Elisa is a star in Italy, where her previous albums have sold in huge numbers. Dancing is her U.S. debut, and it has to be said that these American ears are having a hard time figuring out what the big deal is. She certainly has a fine voice, a slightly dark and unusually timbered one that is perfectly suited to her big, emotional songs of longing and romantic wonder. The problem is the songs themselves, which are pretty enough and nicely produced, but seem rather shapeless and can't seem to get out of a plodding, midtempo rut. The melodies are bombastic without ever being especially catchy: notice, in particular, the soggy textures of the title track and of the slogging, inane "Rainbow." "Broken" injects a little bit of energy into the proceedings along with a nice rhythmic changeup, and on "Life Goes On" she succeeds in morphing into an understated loveliness that works very well and suggests that with better material she might be a world-class talent. But "Rock Your Soul" almost sounds like an ironic title given the song's complete lack of energy, and "A Little Over Zero" features bizarre samples or synthesizer parts in the background that aren't even in the same key as the rest of the song. Then there are the lyrics. For better or for worse, English is the international language of pop music, and I suppose American listeners have no one to blame but themselves for that fact. But no matter what your native language, there's no excuse for lines like "Then I wish to brake it but just for a while/A saint for each bound" and "Life goes on/Here and beyond that horizon/It goes on and it changes/And it changes you too." There are a few impressive moments scattered through this album, but nowhere near enough of them to justify purchase.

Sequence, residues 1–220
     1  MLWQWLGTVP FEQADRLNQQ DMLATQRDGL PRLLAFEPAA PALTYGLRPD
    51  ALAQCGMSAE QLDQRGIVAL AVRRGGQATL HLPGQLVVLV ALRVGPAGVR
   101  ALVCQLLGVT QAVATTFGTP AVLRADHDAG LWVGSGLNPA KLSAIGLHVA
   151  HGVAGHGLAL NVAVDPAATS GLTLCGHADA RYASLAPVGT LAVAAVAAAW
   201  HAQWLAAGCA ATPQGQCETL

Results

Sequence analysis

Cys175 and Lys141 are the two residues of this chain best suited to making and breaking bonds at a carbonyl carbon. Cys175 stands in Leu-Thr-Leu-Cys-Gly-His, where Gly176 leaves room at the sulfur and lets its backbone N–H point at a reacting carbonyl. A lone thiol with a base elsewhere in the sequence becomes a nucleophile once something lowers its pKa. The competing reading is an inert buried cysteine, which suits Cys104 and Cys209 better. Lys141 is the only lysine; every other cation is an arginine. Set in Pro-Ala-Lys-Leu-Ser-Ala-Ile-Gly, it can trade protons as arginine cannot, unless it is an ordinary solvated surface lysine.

AllMusic Review by Rick Anderson